Below is an excerpt of a job advertisement for an administrative assistant in Washington, DC. Notice the keywords in bold! Include keywords such as these for your résumé to be recognized by the recruiter and for the Applicant Tracking System to move you along to the next stage of the recruitment process.

Administrative Assistant

Join the CIA and your administrative talents will play a vital role in helping to keep the country safe. Whether you’re organizing meetings and schedules, managing our information and records, booking travel, looking after visitors, uploading reports or providing essential support to our officers, you’ll be playing a part in ensuring our organization runs smoothly and professionally.

Our administrative assistants work across a variety of departments, offering a range of roles, diverse challenges and direct insight into the fascinating work of MI5. With opportunities to broaden and enhance your administrative skills, you can look forward to a rewarding and stimulating career.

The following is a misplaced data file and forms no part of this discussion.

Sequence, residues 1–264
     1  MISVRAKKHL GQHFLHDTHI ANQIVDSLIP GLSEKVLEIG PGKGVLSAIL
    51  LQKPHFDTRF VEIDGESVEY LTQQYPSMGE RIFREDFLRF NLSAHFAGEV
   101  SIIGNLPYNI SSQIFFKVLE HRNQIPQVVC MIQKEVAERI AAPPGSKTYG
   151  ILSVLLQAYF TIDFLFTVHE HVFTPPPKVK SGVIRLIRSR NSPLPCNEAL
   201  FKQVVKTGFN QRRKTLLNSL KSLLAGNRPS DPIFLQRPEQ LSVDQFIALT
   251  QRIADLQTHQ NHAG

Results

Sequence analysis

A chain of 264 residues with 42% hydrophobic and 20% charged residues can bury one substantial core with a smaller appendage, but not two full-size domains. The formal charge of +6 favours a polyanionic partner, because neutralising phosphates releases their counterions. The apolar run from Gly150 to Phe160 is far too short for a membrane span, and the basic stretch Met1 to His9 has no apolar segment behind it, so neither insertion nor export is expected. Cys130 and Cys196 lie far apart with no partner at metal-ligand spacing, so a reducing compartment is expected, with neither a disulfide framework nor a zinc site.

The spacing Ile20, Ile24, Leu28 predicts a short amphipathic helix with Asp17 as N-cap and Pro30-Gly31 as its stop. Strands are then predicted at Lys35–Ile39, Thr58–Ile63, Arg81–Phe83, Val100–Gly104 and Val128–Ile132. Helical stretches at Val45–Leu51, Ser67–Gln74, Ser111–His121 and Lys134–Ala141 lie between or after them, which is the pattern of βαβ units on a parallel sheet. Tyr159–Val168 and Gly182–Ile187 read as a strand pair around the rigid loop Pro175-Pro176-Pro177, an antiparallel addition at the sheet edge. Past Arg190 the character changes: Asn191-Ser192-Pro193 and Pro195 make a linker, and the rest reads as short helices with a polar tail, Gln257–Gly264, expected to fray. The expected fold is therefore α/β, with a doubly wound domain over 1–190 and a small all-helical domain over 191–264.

Who we’re looking for:

This is an ideal role for people coming back to work after a career break or those looking for a change of career. The ideal candidate will have strong organizational and communication skills and an eye for detail, be able to work independently and within a busy team and demonstrate flexibility and commitment to the role. You’ll also need to have computer skills, including the ability to use email, the internet and MS Word and Excel.

Administrative Assistant - Indeed

Now have a look at this excerpt from a résumé, and notice the mirrored keywords.

Committed and detail-orientedadministrative assistant with proven organizational and communication skills and a full year of experience supporting a variety of departments in diverse roles.